Second Chance for Them??
When I was a little girl, we had a game called Simon. Popular in the late 1970s and early 1980s, the game would show a pattern, you were to follow the pattern. If you got it right, you were given the next pattern with an additional tone. If you got it wrong, you heard the buzzer noise. Then you would try again. Simon offered turn after turn, more tones for correct patterns, and more chances for incorrect one. Simon was the beginning of electronic games, but it was also an incredible symbol of mercy and grace, of second chances.
This July, we are in a series of sermons about second chances: sin, repentance, and redemption. We are taking sin seriously in ways that we might not have considered before. Leaning on Barbara Brown Taylor’s book, Speaking of Sin, last week, we explored sin as our way to hope. This week, we are looking carefully at who it is that we do not give second chances to.
I recall a conversation with a parishioner of a former church who described to me with disgust an Uncle Dave. The story went that Uncle Dave was not to be admired. He had been a pretty miserable human being and treated all of those he came in contact with, similarly. He lied and cheated. He used family, friends, and co-workers to get ahead in any small way. He spoke slanderously about everyone. His niece telling the story was pretty disgusted by him, but she felt some sense of dedication to her father’s brother. The impetus for her reflections on Uncle Dave was his recent death. She was flabbergasted that just before his death; he had begun to offer sincere apologies for his harm. He had confessed his sins against God and others; he repented fully and heartily. He experienced the incredible presence of Jesus in ways he tried to describe. Then, he died.
Shocking for his niece, all around. She did not want it not to count. He was not supposed to get another chance. She was upset about his ‘deathbed’ confession. She could not understand such radical grace that would accept even, Uncle Dave. When you and I are honest, we also find ourselves upset about deathbed confessions, last-minute repentances, and second chances that seem too generous. Culturally, we have already decided who should receive a second chance and who should not. Religiously, we have parsed the word ‘all’ to mean most, but not that particular individual, or that particular group. It is not just that God’s grace and mercy is for all. It is that God’s mercy is for each. It is not just that God created and loves me. It is that God created and loves each and every one of the other me’s as well.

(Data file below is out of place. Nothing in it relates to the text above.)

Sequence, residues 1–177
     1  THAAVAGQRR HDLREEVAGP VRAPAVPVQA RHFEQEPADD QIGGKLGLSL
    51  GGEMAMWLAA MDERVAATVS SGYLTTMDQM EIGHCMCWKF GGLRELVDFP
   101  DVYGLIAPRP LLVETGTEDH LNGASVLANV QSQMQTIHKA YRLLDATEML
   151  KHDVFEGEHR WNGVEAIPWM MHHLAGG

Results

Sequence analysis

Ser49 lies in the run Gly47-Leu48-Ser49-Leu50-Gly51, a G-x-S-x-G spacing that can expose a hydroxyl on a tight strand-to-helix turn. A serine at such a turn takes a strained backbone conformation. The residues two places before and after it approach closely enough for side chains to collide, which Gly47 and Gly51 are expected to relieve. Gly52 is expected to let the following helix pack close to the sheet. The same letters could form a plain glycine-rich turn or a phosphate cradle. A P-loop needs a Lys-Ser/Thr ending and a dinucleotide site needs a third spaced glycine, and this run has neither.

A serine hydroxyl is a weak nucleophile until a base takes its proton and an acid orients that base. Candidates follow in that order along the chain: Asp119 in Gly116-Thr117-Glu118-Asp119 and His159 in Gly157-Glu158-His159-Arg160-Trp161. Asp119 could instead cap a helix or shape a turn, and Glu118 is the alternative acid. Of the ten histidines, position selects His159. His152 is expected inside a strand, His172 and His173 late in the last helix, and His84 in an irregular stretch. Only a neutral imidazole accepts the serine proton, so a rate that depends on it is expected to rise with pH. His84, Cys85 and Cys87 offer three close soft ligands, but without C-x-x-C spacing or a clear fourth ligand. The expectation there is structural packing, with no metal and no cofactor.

Most of us, if we are honest, even when we watch the pattern on the electronic game, Simon, even when we hear the radically inclusive love of Jesus, find ourselves drawing clear lines about whose sins get second chances and whose are just too much!
We have wondered, those with anger, should they have a second chance? We have wondered, those with grief, should they have a second chance? We have wondered, should those who are black or brown, those who are young or old, those who are agitated or righteously indignant, should they have a second chance? We have wondered, those who have despaired after a lifetime and a half of being beaten down, should they have a second chance? And after a second chance, why a third, fourth, or fifty-sixth?
This last week, the buzzers have been going off time and time again as we have missed the pattern. The buzzers went off again as young black men were killed. The buzzers went again off as police officers were killed. The buzzers went off again as you and I drank another cup of coffee, just hoping that the news would change. The buzzers went off in St. Paul, Dallas, Baton Rouge, but they also go off in West Grove, Oxford, Kennett Square, Elkton, and Newark. The list is long, and sometimes overwhelming.
The words of Matthew’s instructions call to us in this time when we would rather imagine that we have no role in what has gone on around us. We would rather imagine in shock and horror that the list of deaths of black and brown men and women is a one-time tragedy that we have no relationship with, but can generously offer our prayers. The only problem is that the gospel from Matthew stays under our skin reminding us that we have more to do than just tsk, tsk, tsk, and mutter, ‘what a shame’.